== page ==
Speaking of veggies, I would also recommend you focus on getting LOTS of veggies in him.
It sounds to me that your son does not have a high need for protein and/or fat and therefore greasy foods and meat do not appeal to him. That's ok. We are all unique. If you look at Price's work you will find that people ate different things in different cultures. Some cultures ate a somewhat higher carb diet and they were still very healthy. They didn't all eat cod liver oil, raw liver, and milk. Each culture varied. And so do we.
If your son has a high need for carbs then he will need a lot of vegetables and fruits. Those would be his most valuable foods. More so than grains. But he will also probably do well with grains. You are already doing great with properly preparing the grains and adding stock. I think the key with the grains is to absolutely, 100%, ensure that they are not processed foods. This is very important (and cheaper). Some children do get hooked on processed grains and avoid other foods. So this is something to be cautious about. I would also add raw butter or olive oil to veggies and grains after they have been cooked. It can be just a bit and just melted (not cooked).
Does he like fish? If you are on the Mediterranean perhaps you have access to fish for pretty cheap? White fish is fine and may be more appealing to him since it is not so "meaty" or fatty. You could try cooking it in a bit of stock as opposed to butter. This will keep it lighter. He probably doesn't need a lot and you could conceivably just buy it for him to save money.
In general if you stick to nutrient-dense food then you will do well I believe. Of course avoiding all sugar and processed foods is key.
The only thing I want to bring up is the possibility of gut malfunction and allergies/sensitivities. You probably are already aware of this but I would be remiss in not mentioning it. When the gut is not functioning well then all sorts of issue can arise, including tooth problems. And sensitivities can cause a child to be very picky as they avoid those foods that make them feel bad. How is his digestion?
So, short of issues relating to gut function, I recommend he eats stock and veggies/fruits at every meal and some whole, unprocessed grains. You can offer him the grains as a "desert" for after he eats his veggies. And this doesn't have to be perfect by tomorrow. If he prefers to move slowly, then move slowly. As long as you are moving in the right direction, that's what counts.
You can also try feeding him egg whites. Add a bit of raw butter or olive oil to his already cooked food. Try this out and see how he does. You and he will be the judges if something works. Just continue to observe him carefully like you have been. Observing and respecting the body is the key to building health! Keeping a journal is very helpful for this.
And for a boost of confidence remember that you can do this. You are obviously a very caring and dedicated mother. You are doing a great job and don't let anyone tell you differently.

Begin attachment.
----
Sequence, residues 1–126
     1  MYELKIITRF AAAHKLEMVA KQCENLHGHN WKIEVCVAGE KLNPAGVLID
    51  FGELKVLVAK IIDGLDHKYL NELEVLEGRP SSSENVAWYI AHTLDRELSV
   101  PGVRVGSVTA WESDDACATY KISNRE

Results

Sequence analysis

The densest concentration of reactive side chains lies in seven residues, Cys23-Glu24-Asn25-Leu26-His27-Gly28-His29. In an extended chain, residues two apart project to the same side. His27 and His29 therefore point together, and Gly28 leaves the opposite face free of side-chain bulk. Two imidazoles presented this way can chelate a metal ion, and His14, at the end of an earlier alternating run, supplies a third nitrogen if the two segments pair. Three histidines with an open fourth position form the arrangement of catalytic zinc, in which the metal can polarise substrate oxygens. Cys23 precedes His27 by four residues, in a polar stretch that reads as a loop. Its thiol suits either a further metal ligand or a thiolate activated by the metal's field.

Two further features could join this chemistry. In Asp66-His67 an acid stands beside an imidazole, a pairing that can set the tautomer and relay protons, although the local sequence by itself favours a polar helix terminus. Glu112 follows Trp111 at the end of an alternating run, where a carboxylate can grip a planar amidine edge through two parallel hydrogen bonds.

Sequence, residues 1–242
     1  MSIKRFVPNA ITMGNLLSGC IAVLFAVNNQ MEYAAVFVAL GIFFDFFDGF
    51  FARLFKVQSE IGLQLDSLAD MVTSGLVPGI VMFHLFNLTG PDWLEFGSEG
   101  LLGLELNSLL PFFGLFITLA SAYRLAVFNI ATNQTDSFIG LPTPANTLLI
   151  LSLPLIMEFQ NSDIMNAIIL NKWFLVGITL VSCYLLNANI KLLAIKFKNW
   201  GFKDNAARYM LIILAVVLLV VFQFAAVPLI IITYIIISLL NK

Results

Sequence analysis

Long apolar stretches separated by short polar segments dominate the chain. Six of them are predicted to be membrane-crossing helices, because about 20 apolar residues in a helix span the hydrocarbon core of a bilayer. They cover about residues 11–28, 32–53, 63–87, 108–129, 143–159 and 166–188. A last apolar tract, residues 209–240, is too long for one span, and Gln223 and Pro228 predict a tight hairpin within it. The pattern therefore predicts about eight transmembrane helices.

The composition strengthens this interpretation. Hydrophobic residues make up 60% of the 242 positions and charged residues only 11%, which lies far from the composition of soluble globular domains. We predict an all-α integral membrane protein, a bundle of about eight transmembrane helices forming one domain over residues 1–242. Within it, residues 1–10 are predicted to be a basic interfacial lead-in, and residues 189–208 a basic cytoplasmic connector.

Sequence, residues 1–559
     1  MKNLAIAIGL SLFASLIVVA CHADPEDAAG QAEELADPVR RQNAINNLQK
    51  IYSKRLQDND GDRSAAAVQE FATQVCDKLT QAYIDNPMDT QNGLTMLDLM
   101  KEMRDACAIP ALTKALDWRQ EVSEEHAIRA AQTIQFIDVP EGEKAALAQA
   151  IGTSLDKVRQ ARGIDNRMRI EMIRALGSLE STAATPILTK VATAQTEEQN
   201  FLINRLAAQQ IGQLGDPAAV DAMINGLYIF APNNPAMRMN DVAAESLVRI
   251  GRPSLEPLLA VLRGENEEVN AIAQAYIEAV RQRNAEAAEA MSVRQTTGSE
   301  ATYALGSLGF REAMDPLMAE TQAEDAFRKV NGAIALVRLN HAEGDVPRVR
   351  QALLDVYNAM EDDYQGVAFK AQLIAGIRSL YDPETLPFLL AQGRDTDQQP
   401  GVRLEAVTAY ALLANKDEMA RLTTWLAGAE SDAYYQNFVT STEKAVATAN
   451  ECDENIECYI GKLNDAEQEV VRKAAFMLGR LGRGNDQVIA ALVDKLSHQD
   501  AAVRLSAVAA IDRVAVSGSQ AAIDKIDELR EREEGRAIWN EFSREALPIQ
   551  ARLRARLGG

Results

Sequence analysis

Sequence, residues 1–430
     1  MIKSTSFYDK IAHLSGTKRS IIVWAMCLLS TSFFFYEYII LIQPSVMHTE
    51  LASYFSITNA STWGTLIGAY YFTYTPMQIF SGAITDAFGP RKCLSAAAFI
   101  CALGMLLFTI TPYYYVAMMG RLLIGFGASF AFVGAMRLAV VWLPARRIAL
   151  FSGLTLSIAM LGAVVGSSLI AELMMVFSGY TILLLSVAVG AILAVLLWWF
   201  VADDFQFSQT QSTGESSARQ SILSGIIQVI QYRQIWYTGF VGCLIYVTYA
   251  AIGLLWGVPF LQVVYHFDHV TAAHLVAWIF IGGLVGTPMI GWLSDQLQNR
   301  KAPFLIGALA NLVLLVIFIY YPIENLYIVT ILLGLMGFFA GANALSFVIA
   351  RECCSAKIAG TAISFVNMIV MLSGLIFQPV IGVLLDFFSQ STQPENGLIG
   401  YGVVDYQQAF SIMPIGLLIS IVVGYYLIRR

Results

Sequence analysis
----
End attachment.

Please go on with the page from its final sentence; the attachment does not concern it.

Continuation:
Another thought might be smoothies? We make a smoothie with home made kefir (if you can find organic, non-homogenized, pasturized milk, I would use this to make the kefir, you need to find some kefir grains), fresh raw veggies, a raw pastured egg(from our chickens), and some fruit almost daily. In such a smoothie it is also possible to add a little raw liver (I keep ice cube trays of pureed liver in the freezer and add it to chili and other such dishes, so for smoothies I cut a cube in half and throw it in too). You can add some raw honey, anything you can find to cover/improve the taste, you can even add a little bone broth! I've never added FCLO or any other oils to my smoothies, so I"m not sure how that changes the taste or texture, so not sure if you could get away with that or not.
We use Hylands Bioplasma cell salts, not for caries, we dont have that issue thankfully, but we still take the bioplasma (a combo of all 12 cell salts) for general health.
I recently bought the book Wild Fermentation, and it has some great fermentation recipes and info in it! Have you tried Kombucha with him? We have been getting GT Dave's organic raw kombucha and love it!
HTH, let us know if any of these things work!
I just wanted to jump back in and thank everyone for your ideas! And of course I have more questions.... I've been sharing with a non-English speaking mama with a similiar dietary profile and a young son with cavities and here are some the things that have come up in our discussions:
If raw milk and butter are not an option, do you all think that a grass fed, organic (but pasturized) option offers benefits? I have access to KerryGold butter in the regular super markets and have found that one of the UHT (the most common option for milk in the Med.) organic brands is pasture fed.
We make our own yogurt from the organic milk we buy and DS sucks down a couple daily, often in the form of a smoothie before bed. We have free ranging chickens and I wonder about popping an egg yolk into the smoothie? I also stir a beaten egg into broth with a bit of pasta for a light supper a lot, and as long as the egg is broken up and looks like the pasta, he'll eat it. When I make pasta, I often throw a beaten egg or two into the freshly cooked pasta before I sauce it as well.
And speaking of pasta, is there anything I can do besides cooking it in bone broth and adding egg to make it more nutritious? I try and keep our consumption down, but DH and kids ask for it a lot.